Vintage, 1999 (Sinclair Stevenson, 1993)
Rebecca has recently been in my mind following last year’s Netflix adaptation, starring Lily James, Kristin Scott Thomas and the since-disgraced Armie Hammer. Brilliantly written and ahead of its time genre-wise, Daphne du Maurier’s masterpiece was both the original “upmarket commercial” and psychological suspense novel. I’m not usually a fan of sequels unless the author has set out to conceive a series, but the combination of such eminent voices as Daphne du Maurier and Susan Hill proved irresistible.
The nameless protagonist of Rebecca is a strange, characterless presence about whom the reader knows very little, and is none the wiser at the end of the book. The opportunity to get to know her better and root for her character to develop is enticing, especially when coupled with Beryl Bainbridge’s quote “Splendid … a very good ghost story” on the cover. Susan Hill is nothing if not the master of the ghost story, and in this regard the manifestation of the murdered Rebecca offers one of biggest opportunities in literature.
Unfortunately, the character doesn’t develop and (plot spoiler) no manifestation occurs. Our placid, nameless heroine accompanies the tediously moody Maxim around the smart hotels of Europe for ten years – over the second world war, which barely features – source of funds apparently bottomless. The relationship never equalises, with her bending over backwards not to antagonise him, the whole thing becoming as frustrating as Jane Eyre and Mr Rochester.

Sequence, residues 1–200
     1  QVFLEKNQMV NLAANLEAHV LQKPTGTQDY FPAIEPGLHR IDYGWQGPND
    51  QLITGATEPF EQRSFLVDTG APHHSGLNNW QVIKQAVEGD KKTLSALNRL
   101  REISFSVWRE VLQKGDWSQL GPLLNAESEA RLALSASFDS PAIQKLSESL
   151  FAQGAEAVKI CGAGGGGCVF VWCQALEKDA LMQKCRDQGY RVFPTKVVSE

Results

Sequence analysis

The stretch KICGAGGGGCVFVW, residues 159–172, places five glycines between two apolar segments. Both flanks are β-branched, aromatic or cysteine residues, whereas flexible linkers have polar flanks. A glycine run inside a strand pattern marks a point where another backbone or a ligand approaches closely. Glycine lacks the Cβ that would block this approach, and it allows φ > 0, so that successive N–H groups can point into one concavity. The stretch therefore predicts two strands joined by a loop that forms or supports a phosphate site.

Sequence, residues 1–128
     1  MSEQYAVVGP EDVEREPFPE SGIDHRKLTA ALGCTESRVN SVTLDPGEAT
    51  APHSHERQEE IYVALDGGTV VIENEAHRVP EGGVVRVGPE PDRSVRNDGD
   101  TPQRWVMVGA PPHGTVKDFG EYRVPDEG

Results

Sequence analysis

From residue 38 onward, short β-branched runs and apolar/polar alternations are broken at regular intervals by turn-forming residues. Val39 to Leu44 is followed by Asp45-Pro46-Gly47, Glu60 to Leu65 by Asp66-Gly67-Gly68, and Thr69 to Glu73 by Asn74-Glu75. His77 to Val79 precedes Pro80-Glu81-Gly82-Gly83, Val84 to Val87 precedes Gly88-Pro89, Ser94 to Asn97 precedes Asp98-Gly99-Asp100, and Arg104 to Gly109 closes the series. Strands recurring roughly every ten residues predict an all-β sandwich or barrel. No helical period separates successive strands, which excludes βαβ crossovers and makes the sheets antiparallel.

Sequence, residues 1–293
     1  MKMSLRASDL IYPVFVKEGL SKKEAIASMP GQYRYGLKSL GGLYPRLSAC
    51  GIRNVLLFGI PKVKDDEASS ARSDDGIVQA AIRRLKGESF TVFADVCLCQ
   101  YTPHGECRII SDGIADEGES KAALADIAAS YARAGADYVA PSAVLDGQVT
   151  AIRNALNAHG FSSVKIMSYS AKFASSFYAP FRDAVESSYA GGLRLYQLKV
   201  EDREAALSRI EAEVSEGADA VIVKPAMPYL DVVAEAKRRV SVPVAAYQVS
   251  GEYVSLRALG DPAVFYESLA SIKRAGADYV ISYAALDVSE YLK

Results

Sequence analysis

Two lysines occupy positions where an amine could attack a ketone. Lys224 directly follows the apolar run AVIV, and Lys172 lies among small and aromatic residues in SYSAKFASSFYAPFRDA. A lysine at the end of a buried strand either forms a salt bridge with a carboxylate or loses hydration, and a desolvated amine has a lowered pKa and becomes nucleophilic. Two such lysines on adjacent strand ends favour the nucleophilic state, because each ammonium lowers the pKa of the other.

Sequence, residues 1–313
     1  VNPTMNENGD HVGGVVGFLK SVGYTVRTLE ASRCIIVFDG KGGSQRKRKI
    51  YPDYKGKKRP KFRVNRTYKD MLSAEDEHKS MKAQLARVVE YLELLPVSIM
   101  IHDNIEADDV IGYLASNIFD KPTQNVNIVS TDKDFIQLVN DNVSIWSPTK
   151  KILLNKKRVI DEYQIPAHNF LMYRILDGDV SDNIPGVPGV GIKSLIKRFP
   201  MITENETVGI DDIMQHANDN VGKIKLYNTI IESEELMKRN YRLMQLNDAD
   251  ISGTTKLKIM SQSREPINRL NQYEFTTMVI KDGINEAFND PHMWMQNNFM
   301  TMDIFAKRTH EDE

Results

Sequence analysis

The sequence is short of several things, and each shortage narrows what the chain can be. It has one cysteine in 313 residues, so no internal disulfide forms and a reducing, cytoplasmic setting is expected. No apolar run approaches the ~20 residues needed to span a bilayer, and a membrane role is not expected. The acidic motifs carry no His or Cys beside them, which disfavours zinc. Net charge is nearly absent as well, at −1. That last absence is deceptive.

Summoned back to the UK on the death of Maxim’s sister – his wife’s only real friend (not that she ever attempts to make others) – and running away yet again to undertake an endless and pointless tour of the UK, the couple come across a beautiful house in the Cotswolds, which they end up buying. Finally, it looks as if they may get some structure into their lives and find their happy-ever-after. But no – characters from their past start to make an appearance and everything inevitably goes wrong.
The trouble is that, by the time the plot starts to ramp up, it would take a tenacious reader to still be invested in the characters. Added to which, and unusually for Susan Hill, the unpleasant happenings are all too predictable – unexpected for an author who is known for pulling off daring plot twists to perfection.
Conclusion? Firstly, that du Maurier’s meek, nameless character was meant to be unknowable (otherwise, she would have been given a name, a past and more context) and to try to develop her is to negate the author’s intention; secondly, that no matter how brilliant the author, other people’s stand-alone novels are best left in their box with the lid firmly shut; and thirdly, Beryl Bainbridge has an unusual conception of what makes for a ghost story.
I would be interested to hear of any other thoughts on this.